Are our Techies well prepared for their onsite assignments?


Trivandrum: In the context of the recent Norway incident involving a techie couple, Kerala IT News decided to do a reality check on the preparedness of the IT professionals from Kerala, especially in terms of cross-cultural training and office etiquettes, among other things, while they go onsite at client locations. The results have been quite revealing.

While every IT professional looks forward to an onsite assignment, most of the time they are not well informed or equipped to handle a situation overseas. A short-term onsite may extend from a few weeks to six months and anything beyond that is long-term. The techies are usually comfortable and manage themselves well in English speaking countries.

Jayan P, Global HR Head of the Technopark based IBS Software said, “When we send our staff on an overseas assignment, we provide them adequate inputs on several focus areas, which enable them to get settled very easily in the new country. In addition, we equip our employees with inputs regarding transport, local directions, weather, etiquette and local culture and other delicate issues. We also give sessions on how to answer the queries from immigration and local authorities. Considering the recent developments in Norway, we are thinking of providing the employees more inputs on the local laws of the land related to different aspects of life.”

A senior techie with another leading IT company in Kerala confided that even though their Company policy states that they are supposed to get orientation before leaving onsite, whether short term or long term; in reality, it rarely happens. Finally, if something goes wrong at the Client side, they are capitalised for violating the company’s values and culture.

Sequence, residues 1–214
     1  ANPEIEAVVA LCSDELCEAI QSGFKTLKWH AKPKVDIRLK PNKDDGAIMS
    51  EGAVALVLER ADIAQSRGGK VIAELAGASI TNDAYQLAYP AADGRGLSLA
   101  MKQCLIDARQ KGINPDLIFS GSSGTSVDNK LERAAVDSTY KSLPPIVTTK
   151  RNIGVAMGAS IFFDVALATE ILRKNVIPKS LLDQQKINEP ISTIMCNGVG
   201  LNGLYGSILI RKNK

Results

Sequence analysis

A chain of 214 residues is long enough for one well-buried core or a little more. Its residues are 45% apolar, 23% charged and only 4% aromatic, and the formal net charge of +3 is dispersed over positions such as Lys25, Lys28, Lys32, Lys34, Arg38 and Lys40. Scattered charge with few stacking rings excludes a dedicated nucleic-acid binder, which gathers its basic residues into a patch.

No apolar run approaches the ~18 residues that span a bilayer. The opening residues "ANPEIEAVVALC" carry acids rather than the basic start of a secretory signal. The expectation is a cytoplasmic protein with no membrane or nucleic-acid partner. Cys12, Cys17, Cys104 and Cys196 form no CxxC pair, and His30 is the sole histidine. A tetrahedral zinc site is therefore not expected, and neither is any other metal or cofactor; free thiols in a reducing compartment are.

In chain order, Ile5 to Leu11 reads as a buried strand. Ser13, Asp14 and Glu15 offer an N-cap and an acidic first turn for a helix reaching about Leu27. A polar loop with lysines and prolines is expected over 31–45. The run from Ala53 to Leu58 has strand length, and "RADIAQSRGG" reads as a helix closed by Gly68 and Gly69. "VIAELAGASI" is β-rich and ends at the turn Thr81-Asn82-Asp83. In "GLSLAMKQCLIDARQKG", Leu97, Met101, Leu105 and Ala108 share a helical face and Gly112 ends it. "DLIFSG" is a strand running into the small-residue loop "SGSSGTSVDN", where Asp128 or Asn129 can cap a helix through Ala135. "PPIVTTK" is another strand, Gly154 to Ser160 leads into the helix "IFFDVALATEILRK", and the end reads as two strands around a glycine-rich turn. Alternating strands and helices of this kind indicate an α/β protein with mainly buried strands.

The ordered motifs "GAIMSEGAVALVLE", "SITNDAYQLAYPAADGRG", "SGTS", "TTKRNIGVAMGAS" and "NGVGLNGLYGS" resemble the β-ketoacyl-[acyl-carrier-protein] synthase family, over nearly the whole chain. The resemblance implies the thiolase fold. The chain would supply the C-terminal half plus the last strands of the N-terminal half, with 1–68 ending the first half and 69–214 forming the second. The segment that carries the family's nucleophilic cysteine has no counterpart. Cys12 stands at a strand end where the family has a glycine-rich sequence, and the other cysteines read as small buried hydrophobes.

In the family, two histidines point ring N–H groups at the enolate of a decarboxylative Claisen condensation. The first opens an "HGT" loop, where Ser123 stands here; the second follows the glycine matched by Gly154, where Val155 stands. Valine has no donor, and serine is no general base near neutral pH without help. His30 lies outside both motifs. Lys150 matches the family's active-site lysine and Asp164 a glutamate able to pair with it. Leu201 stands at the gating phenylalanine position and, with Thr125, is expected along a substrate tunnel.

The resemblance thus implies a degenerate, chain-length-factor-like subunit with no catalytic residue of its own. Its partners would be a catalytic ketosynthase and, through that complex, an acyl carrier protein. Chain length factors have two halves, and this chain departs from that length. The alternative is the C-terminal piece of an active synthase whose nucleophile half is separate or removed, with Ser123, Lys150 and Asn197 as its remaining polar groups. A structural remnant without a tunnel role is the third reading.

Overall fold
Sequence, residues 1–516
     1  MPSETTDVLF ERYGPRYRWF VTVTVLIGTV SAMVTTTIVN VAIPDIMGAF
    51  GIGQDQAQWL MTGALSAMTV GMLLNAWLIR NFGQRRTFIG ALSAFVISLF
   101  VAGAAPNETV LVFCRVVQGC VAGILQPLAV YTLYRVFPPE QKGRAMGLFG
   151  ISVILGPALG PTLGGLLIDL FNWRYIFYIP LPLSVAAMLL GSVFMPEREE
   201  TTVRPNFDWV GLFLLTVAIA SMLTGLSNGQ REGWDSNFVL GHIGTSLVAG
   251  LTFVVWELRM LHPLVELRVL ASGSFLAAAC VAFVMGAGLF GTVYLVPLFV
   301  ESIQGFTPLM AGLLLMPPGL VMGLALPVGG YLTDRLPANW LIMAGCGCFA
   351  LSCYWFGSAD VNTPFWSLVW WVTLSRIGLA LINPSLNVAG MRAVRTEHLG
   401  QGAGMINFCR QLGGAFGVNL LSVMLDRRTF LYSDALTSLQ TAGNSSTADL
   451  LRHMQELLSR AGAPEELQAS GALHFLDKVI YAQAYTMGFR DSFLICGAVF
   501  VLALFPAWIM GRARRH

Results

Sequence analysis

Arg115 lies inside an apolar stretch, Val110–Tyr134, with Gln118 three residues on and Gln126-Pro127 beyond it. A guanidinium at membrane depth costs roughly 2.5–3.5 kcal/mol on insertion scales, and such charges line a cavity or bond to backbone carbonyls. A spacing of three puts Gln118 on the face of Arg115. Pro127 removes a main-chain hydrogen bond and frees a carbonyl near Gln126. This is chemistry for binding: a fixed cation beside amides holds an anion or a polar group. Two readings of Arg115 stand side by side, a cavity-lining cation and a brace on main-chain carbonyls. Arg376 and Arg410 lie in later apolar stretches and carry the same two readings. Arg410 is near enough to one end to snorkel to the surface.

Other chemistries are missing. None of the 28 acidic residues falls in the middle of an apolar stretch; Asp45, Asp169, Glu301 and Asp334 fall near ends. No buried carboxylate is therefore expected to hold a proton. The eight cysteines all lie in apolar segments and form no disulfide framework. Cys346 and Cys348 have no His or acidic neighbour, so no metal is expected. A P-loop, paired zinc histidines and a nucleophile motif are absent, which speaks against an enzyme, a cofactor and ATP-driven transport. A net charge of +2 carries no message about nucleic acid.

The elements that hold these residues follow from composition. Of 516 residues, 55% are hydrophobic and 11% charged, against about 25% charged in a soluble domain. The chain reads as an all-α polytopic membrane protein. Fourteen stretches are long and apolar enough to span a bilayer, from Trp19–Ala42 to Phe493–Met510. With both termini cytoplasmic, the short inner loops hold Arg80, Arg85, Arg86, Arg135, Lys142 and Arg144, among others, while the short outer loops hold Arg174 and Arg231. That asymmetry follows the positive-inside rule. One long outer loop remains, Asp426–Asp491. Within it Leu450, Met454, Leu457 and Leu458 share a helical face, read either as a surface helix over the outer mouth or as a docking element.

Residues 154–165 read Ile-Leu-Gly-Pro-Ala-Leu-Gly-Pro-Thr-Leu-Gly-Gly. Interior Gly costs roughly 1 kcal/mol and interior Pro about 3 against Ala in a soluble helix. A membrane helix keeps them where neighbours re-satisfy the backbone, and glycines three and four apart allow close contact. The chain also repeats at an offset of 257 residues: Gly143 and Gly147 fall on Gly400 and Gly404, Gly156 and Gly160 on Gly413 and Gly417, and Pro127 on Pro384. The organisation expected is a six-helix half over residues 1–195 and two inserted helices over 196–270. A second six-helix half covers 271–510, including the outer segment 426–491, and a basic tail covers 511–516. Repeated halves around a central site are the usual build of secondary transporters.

According to Ronia Virginia, a Cultural Consultant & HR Professional based in Stockholm for the last nine years, “When an Indian techie comes to a country in Scandinavia, they have very little or no idea about the laws and regulations of this society. These countries are not frequented by Indians so much as other western countries or European nations, so the knowledge is very little. The language in this region also poses a challenge for us to understand the social system. The company that is sending the employee on an assignment should take the initiative to educate their employees and their families about the culture and social system, which most of the IT companies don’t do as it adds to the cost. Most of them come to these places and have to figure out for themselves.”

Commenting on this issue, Babu Mohanan, CEO of Phykon Solutions said, “Let them get ready for a cultural shock. Many of them even do not realize the type of cultural shock they are going to make on those foreigners.”

Echoing his remarks was a Project Co-ordinator with a European retail chain based in Paris, “Last year, our systems were being migrated by an Indian IT Company and we always had a team of IT professionals from India working here. Sorry to say but at times, their conduct was unprofessional and disgusting. We are glad the work is over.” 

“Most of us when we go abroad are ignorant and have an ‘I don’t care’ attitude. We forget that when in Rome one must be Roman. I believe one must make an effort to learn a little about the culture if one is travelling for the first time to a new place. One cannot say I was ignorant about this or no one told me”, adds Ronia.

As the IT industry in Kerala spreads its wings across the globe by getting new clients / business or starting new centres at new places, they must also invest in improving their employee’s soft skills. After all, they are going to be their company’s brand ambassadors in an alien land.

Kerala IT News


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